The Stelios Soundbites

London in the sunshine, 230 exhibitors, 160 seminars and 20,000 people with some aspiration to starting up a business. I dropped into Business Startup 2007 at ExCel with no particular agenda other than to listen into conversations. Real ones, as opposed to the online ones we all tune into.  In the brash, cattle market atmosphere of ExCel, full of multimedia presentations, Darth Vaders and kids with loud microphones, you just cannot go to all the presentations, visit all the stands, or network with people you need to connect with. I knew I definitely wanted to listen to Stelios.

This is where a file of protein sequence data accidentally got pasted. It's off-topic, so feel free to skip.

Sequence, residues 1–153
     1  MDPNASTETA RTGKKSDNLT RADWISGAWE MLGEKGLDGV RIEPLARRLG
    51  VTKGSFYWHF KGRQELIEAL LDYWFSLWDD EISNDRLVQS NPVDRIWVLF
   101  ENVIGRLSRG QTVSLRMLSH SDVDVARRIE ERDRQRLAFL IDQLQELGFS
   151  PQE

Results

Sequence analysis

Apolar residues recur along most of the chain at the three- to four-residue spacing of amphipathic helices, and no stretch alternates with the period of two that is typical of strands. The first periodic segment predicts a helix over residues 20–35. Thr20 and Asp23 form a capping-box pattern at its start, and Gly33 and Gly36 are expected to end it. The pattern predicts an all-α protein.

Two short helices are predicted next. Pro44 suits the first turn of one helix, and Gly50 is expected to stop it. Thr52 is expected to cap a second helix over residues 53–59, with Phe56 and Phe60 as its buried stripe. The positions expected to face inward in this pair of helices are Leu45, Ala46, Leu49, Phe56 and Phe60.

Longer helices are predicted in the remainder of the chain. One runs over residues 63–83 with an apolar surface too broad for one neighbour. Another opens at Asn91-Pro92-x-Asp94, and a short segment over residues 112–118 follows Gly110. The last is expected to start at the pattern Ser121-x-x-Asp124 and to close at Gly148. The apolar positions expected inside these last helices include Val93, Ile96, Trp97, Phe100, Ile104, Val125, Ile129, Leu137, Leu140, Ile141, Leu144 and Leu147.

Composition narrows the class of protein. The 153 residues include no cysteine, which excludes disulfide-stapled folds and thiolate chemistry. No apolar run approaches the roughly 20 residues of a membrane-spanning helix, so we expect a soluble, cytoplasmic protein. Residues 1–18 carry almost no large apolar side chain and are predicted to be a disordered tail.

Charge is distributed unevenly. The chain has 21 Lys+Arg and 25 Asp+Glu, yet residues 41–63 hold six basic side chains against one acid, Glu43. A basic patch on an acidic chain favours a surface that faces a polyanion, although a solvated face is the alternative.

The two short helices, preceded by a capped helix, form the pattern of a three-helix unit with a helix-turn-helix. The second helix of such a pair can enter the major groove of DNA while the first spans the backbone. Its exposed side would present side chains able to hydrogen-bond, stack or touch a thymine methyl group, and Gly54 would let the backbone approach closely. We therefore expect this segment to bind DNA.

So I queued, with the aspiring chef, nutritionist, private investigator, life coach, the small motor-mouth Jewish fifty year-old who used to run a cemetery somewhere up north and was now ‘looking for new opportunities’, and the granny from Liverpool who was setting up a company to help people with a phobia of flying. And Stelios was queuing too. At first glance, he looks a bit like an encyclopaedia salesman who has done plenty of long lunches. White trousers that hang too long over loafers, an over-sized blazer that hangs awkwardly on a rugby player’s frame. He looks slightly nervous. You have to blink hard to think that this guy is seriously rich, powerful, a captain of industry.

Then he starts to talk, in his Anglo-Greek, and you know you are in the company of a master communicator. Stelios confessed to not having prepared anything – except for one slide with the 17 Easy brands he stands for and a plug for the new EasyOffice space for start-ups.